(online also) and are excellent, just returned from a weeks vacation in Portland and they worked really well.....check out http://www.trans.ci.portland.or.us/b...icyclemaps.htm

  6. #6

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    Thanks!

    Hey everyone, thanks for the help! My wife & I are in the process of finalizing the deal on a house in SE somewhat near Woodstock. We scoped out some potential rides into the Hill....should be beautiful. Looking forward to the move out!

    R.P.

  7. #7
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    Quote Originally Posted by RobertPaulson
    Hey everyone, thanks for the help! My wife & I are in the process of finalizing the deal on a house in SE somewhat near Woodstock. We scoped out some potential rides into the Hill....should be beautiful. Looking forward to the move out! R.P.
    Welcome to town...

  8. #8
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    Great area!

    I went to Reed College which is on Woodstock and lived around there a few years. I work at OHSU and but we recently moved over to the west side of the river. Personally when i would commute in from eastmoreland, i used the hawthorne bridge just so i could avoid the sellwood and ross island. the sidewalks on those bridges are non existent and you'd have to navigate through some rough traffic during rush hour. i could also get in a few extra miles by riding over the hawthorne.
    oh yeah, stay away from beaverton. depending on where in beaverton, you might have to hop on the Max with your bike..which would suck during rush hour.

  9. #9
    Rain Man
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    Thumbs up RP, one key word for is.....

    ........fenders!!!!

  10. #10

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    The Woodstock area is a nice one. It's established neighborhood that got settled before suburbs were invented, so it's city residential with some pananche.

    You probably want to use the Ross Island Bridge, and the west end brings you just below OHSU. There are some secondary streets that are decent for bikes -- but I moved to the ocean about 18 months ago, and memory on specifics for bikes is shakey. (Lived in the area all my life, rode Terwilliger a lot as a bike racing kid in the 60's.)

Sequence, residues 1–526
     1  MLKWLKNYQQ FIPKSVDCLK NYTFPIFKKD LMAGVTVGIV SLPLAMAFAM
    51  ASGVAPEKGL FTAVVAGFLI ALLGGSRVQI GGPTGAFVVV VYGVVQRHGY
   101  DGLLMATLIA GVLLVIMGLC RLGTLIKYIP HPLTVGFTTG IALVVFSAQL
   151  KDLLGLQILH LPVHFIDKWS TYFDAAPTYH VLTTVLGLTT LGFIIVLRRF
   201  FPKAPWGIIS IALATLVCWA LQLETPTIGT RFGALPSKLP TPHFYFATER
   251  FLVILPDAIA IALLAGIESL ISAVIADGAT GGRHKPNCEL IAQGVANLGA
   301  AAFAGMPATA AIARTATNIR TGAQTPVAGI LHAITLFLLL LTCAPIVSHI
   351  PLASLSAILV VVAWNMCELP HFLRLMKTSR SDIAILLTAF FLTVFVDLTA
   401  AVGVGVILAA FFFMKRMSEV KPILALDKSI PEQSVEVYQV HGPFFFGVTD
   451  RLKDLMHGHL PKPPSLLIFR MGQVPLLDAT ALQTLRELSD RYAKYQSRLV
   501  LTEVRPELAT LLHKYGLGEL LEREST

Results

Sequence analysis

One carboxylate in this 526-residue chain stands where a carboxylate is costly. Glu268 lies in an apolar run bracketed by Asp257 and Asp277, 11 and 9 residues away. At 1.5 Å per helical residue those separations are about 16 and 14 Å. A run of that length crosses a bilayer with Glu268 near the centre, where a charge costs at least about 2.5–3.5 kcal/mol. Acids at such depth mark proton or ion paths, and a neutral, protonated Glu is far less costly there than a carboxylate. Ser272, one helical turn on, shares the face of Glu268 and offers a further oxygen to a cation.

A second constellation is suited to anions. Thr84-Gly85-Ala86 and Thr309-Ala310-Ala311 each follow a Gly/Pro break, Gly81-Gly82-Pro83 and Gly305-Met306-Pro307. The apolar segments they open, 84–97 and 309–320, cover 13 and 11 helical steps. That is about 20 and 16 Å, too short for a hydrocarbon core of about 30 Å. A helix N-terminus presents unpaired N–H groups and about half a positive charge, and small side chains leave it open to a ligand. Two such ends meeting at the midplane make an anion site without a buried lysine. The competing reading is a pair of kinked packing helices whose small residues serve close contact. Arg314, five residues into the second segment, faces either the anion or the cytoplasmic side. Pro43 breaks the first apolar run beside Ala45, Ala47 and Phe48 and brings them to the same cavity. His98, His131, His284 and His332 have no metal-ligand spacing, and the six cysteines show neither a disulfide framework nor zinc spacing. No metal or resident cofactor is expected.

The most reasonable route on a bike to OHSU is up Terwilliger to the Vets Hosp and then snake over to OHSU. The climb directly to OHSU from the bottom of the hill (near the PSU track) is steep. If you're a climber it's good, but otherwise it's a serious pitch.

    OHSU is bike friendly. The medical types like to see people getting on the bikes and doing some cardio rather than looking for a place to park the SUV.

    Tri-Met has a bike pass system which is nice. You might want to ride to the bus, hop across the bridge and skip traffic, then get out on Terwilliger. Terwilliger is the mega-cardio workout route in town. Bikes, runners, walkers . . .

    Good music, excellent micro-brew beers, a unique culture. You've picked a nice area to live. I get medical through the VA Hosp -- which is supported by staff out of OHSU. It's a neat learning experience, diverse, vast, interesting.

    Fenders. For sure. *G*

  11. #11
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    Ross Island is a terrible commute...

    [QUOTE=Hardy Cyclamens]The Woodstock area is a nice one. It's established neighborhood that got settled before suburbs were invented, so it's city residential with some pananche.

    You probably want to use the Ross Island Bridge, and the west end brings you just below OHSU. There are some secondary streets that are decent for bikes -- but I moved to the ocean about 18 months ago, and memory on specifics for bikes is shakey. (Lived in the area all my life, rode Terwilliger a lot as a bike racing kid in the 60's.)

    The most reasonable route on a bike to OHSU is up Terwilliger to the Vets Hosp and then snake over to OHSU. The climb directly to OHSU from the bottom of the hill (near the PSU track) is steep. If you're a climber it's good, but otherwise it's a serious pitch.

    OHSU is bike friendly. The medical types like to see people getting on the bikes and doing some cardio rather than looking for a place to park the SUV.

    Tri-Met has a bike pass system which is nice. You might want to ride to the bus, hop across the bridge and skip traffic, then get out on Terwilliger. Terwilliger is the mega-cardio workout route in town. Bikes, runners, walkers . . .

    Good music, excellent micro-brew beers, a unique culture. You've picked a nice area to live. I get medical through the VA Hosp -- which is supported by staff out of OHSU. It's a neat learning experience, diverse, vast, interesting.





    ..once you hit the west side of the bridge. Hawthorne...up to Broadway and go south to Terwilliger. I do it about 4-5 times a week up to OHSU for school...but yes, fenders are a good idea between october and May...sitting in class/work with a wet rear is NO fun...

  12. #12